Rosa Khutor (Russia) (AFP) - Sage Kotsenburg of the United States claimed the first gold medal of the Sochi Winter Olympics on Saturday in men's slopestyle and hailed his fellow snowboarders for their band of brothers mentality.
The 20-year-old said he would have been just as happy had either silver medallist Staale Sandbech of Norway or Canada's bronze medallist Mark McMorris finished on top of the podium.
"On a global level at the Olympics it's sick to have snowboarding in there," he said.
"All of us were having a blast in there and you could see us high-fiving at the bottom. It's not like we're bummed out when other people come down and land a ride, we're equally as stoked for the next person to land a ride.
"I grew up with Mark and Staale, I've known them for the past six years. We've all become really good friends. We're not like enemies at all, we love each other."
Sandbech agreed and said snowboarders were more chilled out than athletes in other sports.
"We're just out here, snowboarding, smiling and being friends," he said.
"It's not like we're training in secret and hiding from the other guys, (or) we can't do handshakes because we don't want to get sick and all that. I guess we're more laid back and loose about it."
Kotsenburg only qualified for the final in Saturday morning's second chance semi-finals and following Thursday's heats had criticised the judges' scoring after he failed to earn a direct route into the final.
But his first run scored 93.50 and although some of his rivals put in high scores on their second runs, the American held on for victory.
Sandbech (91.75) claimed silver with the penultimate run of the event while McMorris, another who'd complained about scoring following an unsuccessful heat, took bronze with 88.75.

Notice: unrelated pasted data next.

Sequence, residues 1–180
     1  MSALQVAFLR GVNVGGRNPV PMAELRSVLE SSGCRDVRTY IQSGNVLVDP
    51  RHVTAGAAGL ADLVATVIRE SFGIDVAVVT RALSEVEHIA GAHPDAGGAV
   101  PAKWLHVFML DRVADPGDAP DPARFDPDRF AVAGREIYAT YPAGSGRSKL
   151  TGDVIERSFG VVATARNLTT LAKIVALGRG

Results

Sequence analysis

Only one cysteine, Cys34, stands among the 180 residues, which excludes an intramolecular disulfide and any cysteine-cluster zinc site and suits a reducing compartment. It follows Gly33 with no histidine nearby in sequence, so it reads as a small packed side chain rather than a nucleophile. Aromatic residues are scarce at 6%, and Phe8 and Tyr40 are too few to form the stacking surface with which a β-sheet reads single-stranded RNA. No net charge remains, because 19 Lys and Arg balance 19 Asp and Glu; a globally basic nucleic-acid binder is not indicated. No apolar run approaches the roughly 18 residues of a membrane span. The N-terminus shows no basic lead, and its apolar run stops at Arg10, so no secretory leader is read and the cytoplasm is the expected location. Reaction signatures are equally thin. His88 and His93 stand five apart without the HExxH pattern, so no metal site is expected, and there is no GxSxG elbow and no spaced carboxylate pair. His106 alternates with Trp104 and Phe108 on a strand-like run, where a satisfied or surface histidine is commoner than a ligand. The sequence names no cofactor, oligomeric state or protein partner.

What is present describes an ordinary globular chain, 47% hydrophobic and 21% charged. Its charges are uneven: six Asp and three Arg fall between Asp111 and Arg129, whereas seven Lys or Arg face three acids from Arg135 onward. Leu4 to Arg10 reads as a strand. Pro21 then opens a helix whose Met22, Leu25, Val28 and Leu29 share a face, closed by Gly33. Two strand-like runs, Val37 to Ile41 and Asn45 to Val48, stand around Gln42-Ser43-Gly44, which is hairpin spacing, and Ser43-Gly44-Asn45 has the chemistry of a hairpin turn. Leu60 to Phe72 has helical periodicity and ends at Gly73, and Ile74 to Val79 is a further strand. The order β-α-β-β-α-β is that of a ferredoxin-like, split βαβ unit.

McMorris still wasn't pleased with the scoring in the final but said this time he thought he'd benefitted as he expected team-mate Maxence Parrot to overtake him with the last run of the competition.
"The judging, you never know with these guys. It was so tense and even if somebody lands, maybe (they) don't see everything," he said.
"I automatically (thought) yeah, I'm done, I'm not on the podium.
"It's disappointing but he (Parrot) rode good. I was about to walk out and the guy (official) was like 'wait you don't know', and I was like 'I'm pretty sure I know', and then the score came up and I was still in third."
Sandbech said standing on the podium with two such close friends made the experience all the more special.
"The boys killed it. I've got two of my best friends on the podium," he said.
"Snowboarding has no kind of limits. You can do bigger tricks and you can do more spins and more flips. You can do different grabs and you can do more grabs.
"I look up to Sage and Mark. We're just three best friends pretty much."
- Sports & Recreation
- Staale Sandbech
- Sage Kotsenburg